The Chapel lies at the east end of the south wing. It is very small (only 15 feet square). Against its east wall stood an altar, in front of which was a chalk based altar rail extending the full width of the chapel. A narrow doorway led from the chapel into the room(s?) to the west. The chapel floor was originally of earth and rammed chalk west of the rail, and of pebbles, possibly mortared, to its east. Later (XVth century) a tiled floor was laid, at least partly consisting of decorated tiles with fleur-de-lys pattern, made most probably in Canterbury. At least one painted glass window existed in the chapel. Fragments of glass from this window have been found in profusion. They are much decomposed, a fact which strongly suggests that the glass was transparent, since the clear glass of medieval craftsmen was made to a formula which gave a very unstable product. The chapel walls were plastered to a very smooth finish.

Of the two small rooms between the chapel and the kitchen less can be said. The existence of internal plastering of a quality not inferior to that of the chapel, and the discovery of a lead seal ('bulla') of Pope Alexander IV, strongly suggest that the room immediately adjoining the chapel was the Chapter House, where the official business of the Preceptory was transacted.


Some indulgence is craved for the frequent use of such terms as "possibly", "probably", "it is thought", "it seems likely", and "perhaps". Their repeated appearance is not caused by the use of more or less inspired guess-work instead of firm conclusions. It stems, rather, from the fact that as the excavations on this site are as yet in a comparatively early stage, a complete factual account cannot be delivered with any high degree of certainty. What has been found is certain. What it means is not yet certain, but no suggestion has been advanced, and no hypothesis put forward which does not fit the known facts. New evidence will doubtless lead to a modification of the conclusions so far drawn, and new conclusions will be thought out to fit such evidence. On one point there can be no compromise:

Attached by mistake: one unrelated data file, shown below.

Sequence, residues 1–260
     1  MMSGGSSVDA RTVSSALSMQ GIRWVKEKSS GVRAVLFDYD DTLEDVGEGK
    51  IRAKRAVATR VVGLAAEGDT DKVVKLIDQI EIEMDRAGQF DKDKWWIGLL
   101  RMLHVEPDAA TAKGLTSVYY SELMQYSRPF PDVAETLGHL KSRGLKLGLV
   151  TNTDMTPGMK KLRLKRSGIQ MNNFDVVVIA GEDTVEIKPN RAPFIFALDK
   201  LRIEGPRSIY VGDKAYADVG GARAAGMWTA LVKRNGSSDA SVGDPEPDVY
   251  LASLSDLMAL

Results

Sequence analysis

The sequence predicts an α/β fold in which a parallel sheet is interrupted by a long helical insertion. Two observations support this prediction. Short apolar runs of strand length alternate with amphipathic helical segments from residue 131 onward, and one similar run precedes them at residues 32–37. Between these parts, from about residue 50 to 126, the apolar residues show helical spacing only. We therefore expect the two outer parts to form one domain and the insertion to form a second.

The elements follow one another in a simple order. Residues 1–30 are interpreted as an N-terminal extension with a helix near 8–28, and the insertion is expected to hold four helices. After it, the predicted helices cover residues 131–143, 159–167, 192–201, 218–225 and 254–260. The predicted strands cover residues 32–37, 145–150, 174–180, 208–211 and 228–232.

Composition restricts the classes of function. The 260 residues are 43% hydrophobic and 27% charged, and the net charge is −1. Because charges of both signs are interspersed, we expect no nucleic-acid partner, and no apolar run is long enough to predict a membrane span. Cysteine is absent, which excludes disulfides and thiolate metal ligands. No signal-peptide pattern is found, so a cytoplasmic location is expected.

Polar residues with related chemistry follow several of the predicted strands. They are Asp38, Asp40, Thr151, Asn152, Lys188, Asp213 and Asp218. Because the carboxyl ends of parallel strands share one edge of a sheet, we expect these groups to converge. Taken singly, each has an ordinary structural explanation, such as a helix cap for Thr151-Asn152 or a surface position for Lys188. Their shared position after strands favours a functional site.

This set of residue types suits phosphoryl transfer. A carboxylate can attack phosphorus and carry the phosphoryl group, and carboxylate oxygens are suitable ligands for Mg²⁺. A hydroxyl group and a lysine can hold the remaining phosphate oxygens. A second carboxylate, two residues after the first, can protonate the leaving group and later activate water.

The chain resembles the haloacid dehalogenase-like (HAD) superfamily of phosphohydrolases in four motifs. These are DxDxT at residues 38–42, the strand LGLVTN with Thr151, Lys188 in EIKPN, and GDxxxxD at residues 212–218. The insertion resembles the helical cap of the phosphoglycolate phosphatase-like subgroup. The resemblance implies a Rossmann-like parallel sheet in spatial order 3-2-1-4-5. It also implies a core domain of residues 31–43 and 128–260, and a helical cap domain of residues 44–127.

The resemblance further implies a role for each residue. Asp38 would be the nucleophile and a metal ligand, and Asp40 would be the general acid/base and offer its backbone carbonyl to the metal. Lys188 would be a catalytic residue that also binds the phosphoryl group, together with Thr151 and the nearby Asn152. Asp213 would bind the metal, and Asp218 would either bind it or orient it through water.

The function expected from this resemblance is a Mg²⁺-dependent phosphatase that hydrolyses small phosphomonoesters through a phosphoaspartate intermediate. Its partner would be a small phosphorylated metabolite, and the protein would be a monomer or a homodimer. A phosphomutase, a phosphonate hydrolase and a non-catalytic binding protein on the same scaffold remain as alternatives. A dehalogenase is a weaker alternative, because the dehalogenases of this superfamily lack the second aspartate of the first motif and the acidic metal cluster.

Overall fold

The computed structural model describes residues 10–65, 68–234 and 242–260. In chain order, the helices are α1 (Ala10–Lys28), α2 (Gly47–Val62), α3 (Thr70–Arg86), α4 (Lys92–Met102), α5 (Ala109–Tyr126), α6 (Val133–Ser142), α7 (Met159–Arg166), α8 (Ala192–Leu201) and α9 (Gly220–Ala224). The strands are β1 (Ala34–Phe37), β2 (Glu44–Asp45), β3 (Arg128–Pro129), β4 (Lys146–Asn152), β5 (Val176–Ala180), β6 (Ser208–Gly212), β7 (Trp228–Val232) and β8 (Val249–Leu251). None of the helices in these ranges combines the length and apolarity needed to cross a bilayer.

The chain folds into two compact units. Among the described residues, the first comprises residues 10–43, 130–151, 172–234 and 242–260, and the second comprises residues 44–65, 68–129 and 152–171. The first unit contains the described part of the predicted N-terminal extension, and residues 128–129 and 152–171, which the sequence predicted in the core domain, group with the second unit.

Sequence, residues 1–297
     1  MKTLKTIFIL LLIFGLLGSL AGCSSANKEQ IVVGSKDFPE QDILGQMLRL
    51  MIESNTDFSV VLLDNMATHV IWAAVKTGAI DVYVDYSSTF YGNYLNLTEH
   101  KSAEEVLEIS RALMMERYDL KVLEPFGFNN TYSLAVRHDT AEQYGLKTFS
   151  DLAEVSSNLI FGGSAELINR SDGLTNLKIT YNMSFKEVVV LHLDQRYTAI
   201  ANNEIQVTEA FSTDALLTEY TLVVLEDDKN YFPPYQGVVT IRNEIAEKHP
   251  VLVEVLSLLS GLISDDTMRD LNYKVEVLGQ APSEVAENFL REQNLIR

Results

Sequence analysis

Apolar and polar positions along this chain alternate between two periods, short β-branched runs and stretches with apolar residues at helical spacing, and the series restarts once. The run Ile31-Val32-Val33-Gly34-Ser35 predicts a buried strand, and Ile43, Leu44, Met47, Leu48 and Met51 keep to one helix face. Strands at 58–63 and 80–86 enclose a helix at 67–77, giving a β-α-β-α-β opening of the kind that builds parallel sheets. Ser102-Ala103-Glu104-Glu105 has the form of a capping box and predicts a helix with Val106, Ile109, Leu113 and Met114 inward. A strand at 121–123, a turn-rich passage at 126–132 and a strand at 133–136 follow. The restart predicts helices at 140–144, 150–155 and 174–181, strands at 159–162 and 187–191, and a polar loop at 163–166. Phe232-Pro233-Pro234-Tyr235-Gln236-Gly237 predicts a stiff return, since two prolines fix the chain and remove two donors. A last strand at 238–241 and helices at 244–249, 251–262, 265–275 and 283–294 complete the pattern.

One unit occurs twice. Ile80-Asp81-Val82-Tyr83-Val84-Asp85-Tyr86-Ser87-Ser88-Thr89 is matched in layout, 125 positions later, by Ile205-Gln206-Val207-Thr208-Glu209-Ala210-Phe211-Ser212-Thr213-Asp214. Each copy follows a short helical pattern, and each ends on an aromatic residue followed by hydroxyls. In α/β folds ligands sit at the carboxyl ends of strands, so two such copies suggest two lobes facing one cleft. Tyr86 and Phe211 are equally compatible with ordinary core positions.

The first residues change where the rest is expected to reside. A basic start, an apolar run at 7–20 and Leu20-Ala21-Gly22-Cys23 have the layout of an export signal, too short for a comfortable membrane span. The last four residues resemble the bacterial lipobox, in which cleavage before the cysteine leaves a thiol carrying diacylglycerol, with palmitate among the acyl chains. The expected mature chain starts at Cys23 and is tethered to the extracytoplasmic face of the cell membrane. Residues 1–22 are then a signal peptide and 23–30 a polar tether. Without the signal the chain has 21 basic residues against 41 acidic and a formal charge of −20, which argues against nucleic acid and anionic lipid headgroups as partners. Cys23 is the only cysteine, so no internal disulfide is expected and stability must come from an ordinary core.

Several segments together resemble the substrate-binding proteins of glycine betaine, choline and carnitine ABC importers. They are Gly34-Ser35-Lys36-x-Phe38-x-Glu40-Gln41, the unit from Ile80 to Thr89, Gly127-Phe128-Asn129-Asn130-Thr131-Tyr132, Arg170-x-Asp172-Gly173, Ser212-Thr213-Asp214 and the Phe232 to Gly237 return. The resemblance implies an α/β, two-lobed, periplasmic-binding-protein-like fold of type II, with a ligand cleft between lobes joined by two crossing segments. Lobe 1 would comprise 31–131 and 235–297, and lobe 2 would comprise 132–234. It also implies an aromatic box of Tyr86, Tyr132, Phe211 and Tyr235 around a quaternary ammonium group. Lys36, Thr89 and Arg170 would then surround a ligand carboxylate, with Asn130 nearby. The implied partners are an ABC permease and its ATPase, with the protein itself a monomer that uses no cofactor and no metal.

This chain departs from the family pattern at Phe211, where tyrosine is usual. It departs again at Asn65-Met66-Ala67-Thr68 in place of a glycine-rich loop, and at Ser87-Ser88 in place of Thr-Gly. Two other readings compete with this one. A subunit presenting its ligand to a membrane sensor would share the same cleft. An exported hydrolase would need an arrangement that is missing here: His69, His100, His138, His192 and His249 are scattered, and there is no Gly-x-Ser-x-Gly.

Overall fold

All the suggestions put forward in this interim report have been legitimately drawn from the evidence so far available. The limited phrases and clauses have been inserted as a precaution against the later arrival of evidence which makes them no longer supportable.


The brotherhood known as the Poor Fellow-Soldiers of Christ was founded in 1110 by two French knights, Hugo de Payens and Geoffrey de St Omer. The function of this organisation was to protect from Saracen molestations the pilgrims who, after the recapture of Jerusalem in 1099, flocked in vast numbers to the Holy City. Small in numbers and supported by no financial assistance save the scant charity of casual donors, the brotherhood grew in manpower, financial resources and repute. In 1118, Baldwin II, King of Jerusalem, gave them the headquarters from which they were to acquire their better known title. These headquarters were in the Royal Palace, close to the site of the Temple of Solomon, on Mt Moriah. The title of the fraternity now became The Poor Fellow-Soldiers of Christ and of The Temple of Solomon, a long and complex name which soon found itself abbreviated to "The Templars".